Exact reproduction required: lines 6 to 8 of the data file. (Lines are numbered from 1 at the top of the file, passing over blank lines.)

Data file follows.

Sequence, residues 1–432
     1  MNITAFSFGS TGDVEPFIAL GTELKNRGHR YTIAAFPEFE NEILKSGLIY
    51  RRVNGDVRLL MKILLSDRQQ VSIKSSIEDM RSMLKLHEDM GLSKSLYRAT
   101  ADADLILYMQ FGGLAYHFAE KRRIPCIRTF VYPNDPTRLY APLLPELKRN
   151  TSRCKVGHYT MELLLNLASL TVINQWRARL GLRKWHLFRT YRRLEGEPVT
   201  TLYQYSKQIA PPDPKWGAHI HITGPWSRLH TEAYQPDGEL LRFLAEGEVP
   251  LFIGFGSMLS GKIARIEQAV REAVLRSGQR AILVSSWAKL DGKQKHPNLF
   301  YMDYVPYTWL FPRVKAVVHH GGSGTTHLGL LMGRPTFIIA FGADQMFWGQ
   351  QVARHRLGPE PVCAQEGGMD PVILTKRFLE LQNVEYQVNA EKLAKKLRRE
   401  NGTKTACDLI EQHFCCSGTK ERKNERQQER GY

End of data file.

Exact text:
   201  TLYQYSKQIA PPDPKWGAHI HITGPWSRLH TEAYQPDGEL LRFLAEGEVP
   251  LFIGFGSMLS GKIARIEQAV REAVLRSGQR AILVSSWAKL DGKQKHPNLF
   301  YMDYVPYTWL FPRVKAVVHH GGSGTTHLGL LMGRPTFIIA FGADQMFWGQ